NPR Politics presents the Lunchbox List: our favorite campaign news and stories curated from NPR and around the Web in digestible bites (100 words or less!). Look for it every weekday afternoon from now until the conventions.

Convention Countdown

The Republican National Convention is in 4 days in Cleveland.

The Democratic National Convention is in 11 days in Philadelphia.

NASA has released the first picture of Jupiter taken since the Juno spacecraft went into orbit around the planet on July 4.

The picture was taken on July 10. Juno was 2.7 million miles from Jupiter at the time. The color image shows some of the atmospheric features of the planet, including the giant red spot. You can also see three of Jupiter's moons in the picture: Io, Europa and Ganymede.

The Senate is set to approve a bill intended to change the way police and health care workers treat people struggling with opioid addictions.

My husband and I once took great pleasure in preparing meals from scratch. We made pizza dough and sauce. We baked bread. We churned ice cream.

Then we became parents.

Now there are some weeks when pre-chopped veggies and a rotisserie chicken are the only things between us and five nights of Chipotle.

Parents are busy. For some of us, figuring out how to get dinner on the table is a daily struggle. So I reached out to food experts, parents and nutritionists for help. Here is some of their (and my) best advice for making weeknight meals happen.

"O Canada," the national anthem of our neighbors up north, comes in two official versions — English and French. They share a melody, but differ in meaning.

Let the record show: neither version of those lyrics contains the phrase "all lives matter."

But at the 2016 All-Star Game, the song got an unexpected edit.

At Petco Park in San Diego, one member of the Canadian singing group The Tenors — by himself, according to the other members of the group — revised the anthem.

School's out, and a lot of parents are getting through the long summer days with extra helpings of digital devices.

How should we feel about that?

Police in Baton Rouge say they have arrested three people who stole guns with the goal of killing police officers. They are still looking for a fourth suspect in the alleged plot, NPR's Greg Allen reports.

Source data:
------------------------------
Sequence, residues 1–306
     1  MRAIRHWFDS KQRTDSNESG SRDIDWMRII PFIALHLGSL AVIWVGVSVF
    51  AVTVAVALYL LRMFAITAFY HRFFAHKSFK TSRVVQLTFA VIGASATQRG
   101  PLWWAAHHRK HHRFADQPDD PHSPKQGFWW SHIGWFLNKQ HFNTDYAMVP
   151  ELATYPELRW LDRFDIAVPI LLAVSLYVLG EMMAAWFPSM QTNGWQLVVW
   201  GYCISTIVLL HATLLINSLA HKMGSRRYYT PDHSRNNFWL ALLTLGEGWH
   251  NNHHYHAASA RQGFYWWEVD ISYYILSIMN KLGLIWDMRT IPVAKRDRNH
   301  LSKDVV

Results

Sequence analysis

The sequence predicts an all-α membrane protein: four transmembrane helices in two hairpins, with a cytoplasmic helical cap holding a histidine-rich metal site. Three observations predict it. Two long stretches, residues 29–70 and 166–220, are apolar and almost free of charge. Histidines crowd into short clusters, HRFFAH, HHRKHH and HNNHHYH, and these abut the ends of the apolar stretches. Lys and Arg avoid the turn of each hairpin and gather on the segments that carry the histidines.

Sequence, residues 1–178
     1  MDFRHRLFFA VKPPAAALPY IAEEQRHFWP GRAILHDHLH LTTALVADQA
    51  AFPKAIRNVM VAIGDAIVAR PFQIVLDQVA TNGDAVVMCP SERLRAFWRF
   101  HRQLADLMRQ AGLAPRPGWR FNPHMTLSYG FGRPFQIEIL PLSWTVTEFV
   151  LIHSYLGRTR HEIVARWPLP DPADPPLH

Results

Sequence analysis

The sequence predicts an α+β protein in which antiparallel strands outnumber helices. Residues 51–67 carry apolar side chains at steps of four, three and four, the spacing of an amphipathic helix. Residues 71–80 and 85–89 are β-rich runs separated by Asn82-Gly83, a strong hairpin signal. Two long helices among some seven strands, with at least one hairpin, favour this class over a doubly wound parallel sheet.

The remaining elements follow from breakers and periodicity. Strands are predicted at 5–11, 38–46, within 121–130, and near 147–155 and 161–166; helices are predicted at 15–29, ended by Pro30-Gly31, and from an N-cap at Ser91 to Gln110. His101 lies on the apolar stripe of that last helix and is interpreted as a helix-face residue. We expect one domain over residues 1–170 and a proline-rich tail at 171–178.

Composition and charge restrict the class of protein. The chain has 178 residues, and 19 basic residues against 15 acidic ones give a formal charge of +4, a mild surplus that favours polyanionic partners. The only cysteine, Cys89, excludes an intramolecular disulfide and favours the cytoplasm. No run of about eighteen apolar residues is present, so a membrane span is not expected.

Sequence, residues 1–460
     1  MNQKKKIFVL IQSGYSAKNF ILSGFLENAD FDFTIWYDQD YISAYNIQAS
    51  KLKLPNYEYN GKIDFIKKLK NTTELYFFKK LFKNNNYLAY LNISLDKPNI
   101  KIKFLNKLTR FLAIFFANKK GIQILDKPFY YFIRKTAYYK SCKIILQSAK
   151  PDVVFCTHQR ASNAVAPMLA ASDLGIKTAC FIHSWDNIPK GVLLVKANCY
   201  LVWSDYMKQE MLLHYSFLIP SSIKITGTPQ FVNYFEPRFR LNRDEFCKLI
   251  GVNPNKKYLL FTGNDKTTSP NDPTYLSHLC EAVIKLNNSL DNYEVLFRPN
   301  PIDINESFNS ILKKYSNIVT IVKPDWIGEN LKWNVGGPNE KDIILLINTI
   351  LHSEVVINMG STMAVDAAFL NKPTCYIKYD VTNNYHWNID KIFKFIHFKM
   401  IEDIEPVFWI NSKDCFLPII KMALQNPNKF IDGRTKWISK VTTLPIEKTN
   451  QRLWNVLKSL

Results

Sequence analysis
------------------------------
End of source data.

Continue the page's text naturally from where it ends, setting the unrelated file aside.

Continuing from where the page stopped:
"Police say the thefts were at a Baton Rouge pawn shop early Saturday morning," Greg says. "One person was arrested at the scene. Since then, two others have been arrested and six of the eight stolen handguns have been recovered. Police are still looking for one other man."

A 13-year-old boy is among those arrested, Greg says.

Copyright 2016 NPR. To see more, visit http://www.npr.org/.

After an international tribunal invalidated Beijing's claims to the South China Sea, Chinese authorities have declared in no uncertain terms that they will be ignoring the ruling.

The Philippines brought the case to the Permanent Court of Arbitration in The Hague, objecting to China's claims to maritime rights in the disputed waters. The tribunal agreed that China had no legal authority to claim the waters and was infringing on the sovereign rights of the Philippines.

Donald Trump is firing back at Supreme Court Justice Ruth Bader Ginsburg after she disparaged him in several media interviews. He tweeted late Tuesday that she "has embarrassed all" with her "very dumb political statements" about the candidate. Trump ended his tweet with "Her mind is shot - resign!":

Pages

Medalist Claressa Shields Gets A Hero's Welcome

Aug 14, 2012
Originally published on August 16, 2012 1:07 pm

Hundreds gathered in Flint, Mich., Tuesday, to celebrate the return home of Olympian Claressa Shields. At 17, Shields became the first U.S. woman ever — and the only American this summer — to win a gold medal in boxing.